Following removal of a parathyroid adenoma or hyperplastic glands, the serum calcium concentration falls to normal or below normal in 24-48 hours. Patients with severe skeletal depletion (“hungry bones”), long-standing hyperparathyroidism, vitamin D deficiency, or high preoperative serum calcium levels may develop profound hypocalcemia with paresthesias, carpopedal spasm, or even seizures. If the symptoms are mild and serum calcium falls slowly, oral supplementation with calcium is all that is required. When marked symptoms develop, it can be necessary to administer intravenous calcium gluconate. If the response is not rapid, the serum magnesium concentration should be determined and replenished. Treatment with calcitriol, 0.5 micrograms twice daily is sometimes required. (See section on Hypoparathyroidism.)
Treatment of persistent or recurrent hyperparathyroidism requires careful evaluation and planning. First the diagnosis must be reestablished, and the rationale for correcting the hyperparathyroidism must be specifically confirmed. If operation is planned, then preoperative localization is mandatory. Most surgeons perform noninvasive localization tests (ultrasound, sestamibi scan, CT scan) initially. If the localization is not clear, then invasive testing follows (selective venous catheterization with PTH measurement, rarely angiography). Most patients have a parathyroid tumor that can be removed through a cervical incision, making mediastinal exploration unnecessary. The success rate for patients requiring reoperation is about 90%, and the complication rate is higher depending upon the nature of the prior operation(s) and the location of the abnormal gland. The success rate is lower in patients with negative or equivocal localization tests and in patients with parathyromatosis and parathyroid cancer.
JP: Primary hyperparathyroidism. Endocr Prac. 2012;18:781.
et al.: Guidelines for the management of asymptomatic primary hyperparathyroidism: summary statement from the third international workshop. J Clin Endocrinol Metab. 2009;94:335.
SECONDARY & TERTIARY HYPERPARATHYROIDISM
In secondary hyperparathyroidism, there is an increase in PTH secretion in response to low plasma concentrations of ionized calcium, usually due to renal disease or vitamin D deficiency, and malabsorption,. This results in chief cell hyperplasia. When secondary hyperparathyroidism occurs as a complication of renal disease, the serum phosphorus level is usually high, whereas in malabsorption, osteomalacia, or rickets it is frequently low or normal. Secondary hyperparathyroidism with renal osteodystrophy is a frequent complication of hemodialysis and peritoneal dialysis. Factors that play a role in renal osteodystrophy are: (1) phosphate retention secondary to a decrease in the number of nephrons; (2) failure of the diseased or absent kidneys to hydroxylate 25-dihydroxyvitamin D to the biologically active metabolite 1,25-dihydroxyvitamin D, with decreased intestinal absorption of calcium; (3) resistance of the bone to the action of PTH; and (4) increased serum calcitonin concentrations. The resulting skeletal changes are identical with those of primary hyperparathyroidism but are often more severe.
Most patients with secondary hyperparathyroidism are treated medically. Maintaining relatively normal serum concentrations of calcium and phosphorus during hemodialysis and treatment with calcitriol (orally or intravenously) have decreased the incidence of bone disease.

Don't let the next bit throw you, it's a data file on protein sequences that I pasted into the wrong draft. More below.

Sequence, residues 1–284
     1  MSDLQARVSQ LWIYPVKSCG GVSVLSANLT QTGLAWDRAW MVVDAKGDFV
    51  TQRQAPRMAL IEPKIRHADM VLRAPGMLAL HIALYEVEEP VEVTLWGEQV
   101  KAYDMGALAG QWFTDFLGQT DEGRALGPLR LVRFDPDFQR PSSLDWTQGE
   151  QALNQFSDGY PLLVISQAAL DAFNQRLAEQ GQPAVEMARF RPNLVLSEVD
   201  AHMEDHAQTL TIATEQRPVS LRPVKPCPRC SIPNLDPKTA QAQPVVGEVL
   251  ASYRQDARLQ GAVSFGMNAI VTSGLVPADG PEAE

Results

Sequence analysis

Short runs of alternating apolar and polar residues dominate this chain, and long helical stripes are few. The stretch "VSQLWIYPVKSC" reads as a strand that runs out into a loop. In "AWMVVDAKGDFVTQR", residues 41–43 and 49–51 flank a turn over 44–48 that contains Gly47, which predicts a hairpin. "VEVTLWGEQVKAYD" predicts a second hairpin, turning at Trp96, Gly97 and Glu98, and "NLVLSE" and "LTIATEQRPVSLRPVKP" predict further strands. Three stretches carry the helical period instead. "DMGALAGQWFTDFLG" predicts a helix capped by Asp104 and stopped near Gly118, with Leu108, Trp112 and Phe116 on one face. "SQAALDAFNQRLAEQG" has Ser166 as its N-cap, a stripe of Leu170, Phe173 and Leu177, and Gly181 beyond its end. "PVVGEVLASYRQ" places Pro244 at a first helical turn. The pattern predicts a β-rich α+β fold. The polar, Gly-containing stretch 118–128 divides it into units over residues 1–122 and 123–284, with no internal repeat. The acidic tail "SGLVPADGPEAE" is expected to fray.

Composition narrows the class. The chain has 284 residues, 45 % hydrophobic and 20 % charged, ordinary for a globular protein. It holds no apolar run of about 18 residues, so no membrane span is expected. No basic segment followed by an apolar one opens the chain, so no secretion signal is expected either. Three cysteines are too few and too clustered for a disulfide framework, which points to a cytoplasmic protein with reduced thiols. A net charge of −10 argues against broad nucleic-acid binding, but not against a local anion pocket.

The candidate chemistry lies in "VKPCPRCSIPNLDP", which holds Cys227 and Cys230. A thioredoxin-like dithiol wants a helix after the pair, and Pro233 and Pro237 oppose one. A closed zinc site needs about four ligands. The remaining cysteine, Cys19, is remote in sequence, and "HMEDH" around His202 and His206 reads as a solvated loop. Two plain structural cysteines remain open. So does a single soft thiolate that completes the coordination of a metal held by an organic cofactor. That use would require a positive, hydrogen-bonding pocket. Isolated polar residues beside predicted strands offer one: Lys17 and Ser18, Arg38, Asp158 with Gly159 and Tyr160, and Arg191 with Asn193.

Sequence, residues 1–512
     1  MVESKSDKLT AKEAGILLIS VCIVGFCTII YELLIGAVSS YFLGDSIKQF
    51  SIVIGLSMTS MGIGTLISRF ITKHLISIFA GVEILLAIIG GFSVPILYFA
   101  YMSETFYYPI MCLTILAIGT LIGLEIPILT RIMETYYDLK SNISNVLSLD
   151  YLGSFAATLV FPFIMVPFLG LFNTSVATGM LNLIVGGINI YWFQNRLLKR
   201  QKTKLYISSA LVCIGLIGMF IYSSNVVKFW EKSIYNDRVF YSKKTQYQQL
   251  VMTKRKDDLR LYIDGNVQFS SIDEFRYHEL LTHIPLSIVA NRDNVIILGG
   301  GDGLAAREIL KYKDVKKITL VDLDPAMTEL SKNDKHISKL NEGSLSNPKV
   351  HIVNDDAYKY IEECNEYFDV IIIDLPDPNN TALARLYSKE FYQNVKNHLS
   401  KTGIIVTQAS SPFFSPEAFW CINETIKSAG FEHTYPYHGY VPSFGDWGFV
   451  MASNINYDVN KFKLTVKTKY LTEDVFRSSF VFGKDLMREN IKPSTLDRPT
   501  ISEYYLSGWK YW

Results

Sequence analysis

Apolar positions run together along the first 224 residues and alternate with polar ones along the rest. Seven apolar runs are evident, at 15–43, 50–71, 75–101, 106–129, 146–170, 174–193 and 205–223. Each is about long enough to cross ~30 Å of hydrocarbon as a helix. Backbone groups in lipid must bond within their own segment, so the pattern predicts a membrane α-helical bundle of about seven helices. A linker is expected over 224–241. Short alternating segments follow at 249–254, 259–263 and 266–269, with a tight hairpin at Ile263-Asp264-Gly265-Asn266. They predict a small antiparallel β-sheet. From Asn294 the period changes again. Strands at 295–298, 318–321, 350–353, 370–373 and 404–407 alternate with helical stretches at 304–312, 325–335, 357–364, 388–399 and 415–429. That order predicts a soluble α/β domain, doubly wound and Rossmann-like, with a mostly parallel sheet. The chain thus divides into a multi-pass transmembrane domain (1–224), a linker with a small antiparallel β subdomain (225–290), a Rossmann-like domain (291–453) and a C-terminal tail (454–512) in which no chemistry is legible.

Indications for operation in patients with secondary hyperparathyroidism include: (1) a calcium × phosphate product > 70, (2) severe bone disease and pain, (3) pruritus, (4) extensive soft tissue calcification with tumoral calcinosis, and (5) calciphylaxis. Most patients with secondary hyperparathyroidism requiring parathyroidectomy have very high serum PTH levels. In the patient with secondary hyperparathyroidism in whom subtotal parathyroidectomy or total parathyroidectomy with autotransplantation is indicated, all but about 50 mg of the most normal parathyroid gland should be removed, or 15 (1-mm) slices of parathyroid tissue should be transplanted into individual muscle pockets in the forearm.
Following parathyroidectomy patients usually respond with dramatic relief of bone and joint pain and pruritus. Profound hypocalcemia frequently results following subtotal or total parathyroidectomy with autotransplantation for renal osteodystrophy, both because of “hungry bones” and because of decreased PTH secretion. Hypocalcemia due to hungry bones can be anticipated in patients with markedly elevated alkaline phosphatase levels and hand films documenting subperiosteal resorption.
Occasionally, a patient with secondary hyperparathyroidism develops relatively autonomous hyperplastic parathyroid glands. In most patients after successful renal transplantation, the serum calcium concentration returns to normal, and the hyperplastic parathyroid glands regress. In some patients, however, profound hypercalcemia develops (tertiary hyperparathyroidism). In general, surgical therapy for so-called tertiary hyperparathyroidism should be delayed until all medical approaches, including treatment with vitamin D, calcium supplementation, and phosphate binders, have been exhausted; if the condition persists beyond 1 year posttransplant, or if the hypercalcemia is severe, then operation for tertiary disease should be considered.
et al.: KDIGO clinical practice guideline for the care of kidney transplant recipients: a summary. Kidney Int. 2010 Feb;77(4):299–311.
Kidney disease: improving global outcomes (KDIGO) CKD-MBD work group: KDIGO clinical practice guideline for the diagnosis, evaluation, prevention, and treatment of chronic kidney disease-mineral and bone disorder (CKD-MBD). Kidney Int Suppl. 2009 Aug;(113):S1–S130.